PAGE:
Tag Archives: Interdependent Thinking


Gaining the Skills, Knowledge and Dispositions of Thinking Together: Essential Educational Goals as We Help Our Students Meet Their Futures

Gaining the Skills, Knowledge and Dispositions of Thinking Together: Essential Educational Goals as We Help Our Students Meet Their Futures

I believe that getting good at thinking together is an important goal to strive for.   As teachers we need to help our students to develop the skills, dispositions and attitudes helpful to engage in thoughtful, productive conversation. The complexity of the world can lead adults to respond to problems in ways that are almost devoid


As School Leaders We Need To Have Intentional Conversation To Increase Our Understanding: Our Perspective Can Be Enhanced By Listening To Others

When school leaders think about teachers they may like to think their perspective (the perspective of a school leader)  would be fair and accurate. My experience in understanding how people “think together” suggests that thinking interdependently requires truly seeking first to understand, as Stephen R. Covey in The 7 Habits of Highly Effective People challenges


Groups – Cooperation – and the number of Women in the Group

According to Science Daily:“When it comes to intelligence, the whole can indeed be greater than the sum of its parts. A new study co-authored by MIT, Carnegie Mellon University, and Union College researchers documents the existence of collective intelligence among groups of people who cooperate well, showing that such intelligence extends beyond the cognitive abilities


From a Competitive Contest to a Collaborative Learning Experience

Jeremy Rifkin is a best-selling author and one of the most popular social thinkers of our time.  In his book: The Empathic Civilization: The Race to Global Consciousness in a World in Crisis he presents a picture of our current civilization and questions the future if, in fact, citizens of the world do not become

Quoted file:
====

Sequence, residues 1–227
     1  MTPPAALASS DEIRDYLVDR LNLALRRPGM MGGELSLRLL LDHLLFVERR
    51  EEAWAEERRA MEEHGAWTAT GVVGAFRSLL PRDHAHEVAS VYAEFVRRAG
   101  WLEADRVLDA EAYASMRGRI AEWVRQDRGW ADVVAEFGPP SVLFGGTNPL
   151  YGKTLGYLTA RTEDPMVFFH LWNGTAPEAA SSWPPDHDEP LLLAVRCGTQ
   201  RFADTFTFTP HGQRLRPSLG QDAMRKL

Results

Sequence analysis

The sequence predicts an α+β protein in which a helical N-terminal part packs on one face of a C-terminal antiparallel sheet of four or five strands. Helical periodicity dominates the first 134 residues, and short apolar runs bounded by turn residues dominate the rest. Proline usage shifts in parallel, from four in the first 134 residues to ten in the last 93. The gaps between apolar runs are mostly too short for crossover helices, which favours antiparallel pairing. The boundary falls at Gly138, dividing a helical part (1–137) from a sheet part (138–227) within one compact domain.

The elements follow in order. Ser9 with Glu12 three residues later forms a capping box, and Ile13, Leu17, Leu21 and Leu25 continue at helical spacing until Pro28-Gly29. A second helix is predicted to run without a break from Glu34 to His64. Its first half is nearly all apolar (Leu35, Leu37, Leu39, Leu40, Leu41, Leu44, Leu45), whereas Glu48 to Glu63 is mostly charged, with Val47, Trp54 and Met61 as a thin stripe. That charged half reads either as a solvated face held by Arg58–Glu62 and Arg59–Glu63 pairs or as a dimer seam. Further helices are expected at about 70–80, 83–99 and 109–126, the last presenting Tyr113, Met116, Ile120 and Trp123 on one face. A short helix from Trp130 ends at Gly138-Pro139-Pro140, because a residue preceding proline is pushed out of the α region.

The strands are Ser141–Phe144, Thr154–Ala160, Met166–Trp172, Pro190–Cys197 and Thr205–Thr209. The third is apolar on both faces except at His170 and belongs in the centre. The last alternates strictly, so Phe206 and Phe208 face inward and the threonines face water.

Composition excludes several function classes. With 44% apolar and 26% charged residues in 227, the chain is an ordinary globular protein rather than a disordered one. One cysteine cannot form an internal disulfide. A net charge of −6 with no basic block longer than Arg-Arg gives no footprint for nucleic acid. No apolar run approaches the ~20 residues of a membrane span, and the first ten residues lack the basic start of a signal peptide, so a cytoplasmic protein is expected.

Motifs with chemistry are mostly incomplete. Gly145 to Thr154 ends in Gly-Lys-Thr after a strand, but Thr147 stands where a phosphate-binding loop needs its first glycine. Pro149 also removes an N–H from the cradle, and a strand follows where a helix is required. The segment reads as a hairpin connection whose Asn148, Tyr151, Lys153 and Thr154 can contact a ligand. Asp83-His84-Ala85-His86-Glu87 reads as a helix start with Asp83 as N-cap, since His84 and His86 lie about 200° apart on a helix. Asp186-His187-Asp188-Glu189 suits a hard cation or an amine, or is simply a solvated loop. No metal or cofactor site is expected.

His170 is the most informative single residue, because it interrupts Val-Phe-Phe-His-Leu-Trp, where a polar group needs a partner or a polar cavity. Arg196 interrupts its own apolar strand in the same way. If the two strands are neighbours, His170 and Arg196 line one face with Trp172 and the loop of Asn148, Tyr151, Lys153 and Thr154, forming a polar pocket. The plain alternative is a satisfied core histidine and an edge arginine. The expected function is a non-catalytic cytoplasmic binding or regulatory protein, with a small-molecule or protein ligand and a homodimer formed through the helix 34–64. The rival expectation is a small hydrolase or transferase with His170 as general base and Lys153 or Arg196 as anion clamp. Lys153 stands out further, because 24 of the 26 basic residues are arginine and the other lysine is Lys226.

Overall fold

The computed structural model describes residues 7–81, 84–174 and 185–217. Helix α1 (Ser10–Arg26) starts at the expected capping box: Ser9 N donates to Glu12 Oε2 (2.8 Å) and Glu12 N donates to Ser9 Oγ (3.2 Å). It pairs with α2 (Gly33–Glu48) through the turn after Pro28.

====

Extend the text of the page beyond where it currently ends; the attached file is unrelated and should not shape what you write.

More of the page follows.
Reflective, Collaborative Dialogue and Action Around Effective Teaching and Learning

If we care about the education of today’s youth it behooves us to take adult learning seriously. We adults can learn our way into the future or we can hold onto the status quo in our classrooms/schools or we can defer to the massive network of sales people promoting a multitude of educational products.   I


What does it mean to get better at thinking together?

Most of us would likely agree that it is pretty easy to think with people who hold about the same set of thoughts we hold. Yet, truly thinking with others means thinking with those who might look at things very differently from you. When you effectively engage with others who think differently than you, you


Contributing to the Conversation of Teaching, Learning, and Interdependent Thinking

I have had the good fortune to both write the foreword  and contribute a chapter for this Teachers College Press book. The Foreword focuses on the value of “thinking together”.  The chapter I wrote is titled: “Creating and Influencing Momentum: The Challenges and Power of Adults Thinking Interdependently”. Additionally, I work with Patricia Reeves with


Thinking together, we can accomplish much!

I have been thinking a lot about what is takes to help adults develop the skills, dispositions and knowledge to intentionally think interdependently. Below, you will find some of my thoughts. Qualities of Effective Collaborators                  Actions to Positively Impact Your Skills  Appreciate the nature of adult learning Learn from or revisit the work


Where Progress Comes From and How We Can Create More of It

As I read the introduction to Stephen Johnson’s new book, Future Perfect: The Case for Progress in a Networked Age, 2012 I find myself thinking about the interconnectedness of today’s outcomes to the work of many in the years past.  In the process of setting up his book, Johnson retells about the story of the


Qualities of Effective Collaborators

    Appreciate the nature of adult learning Embrace the uniqueness of each adult and interact in ways that sincerely appreciate and connect with the individual Celebrate the fact that your work requires effectively listening to and understanding the individuals you serve so that you can help them identify and connect with their specific growth Respect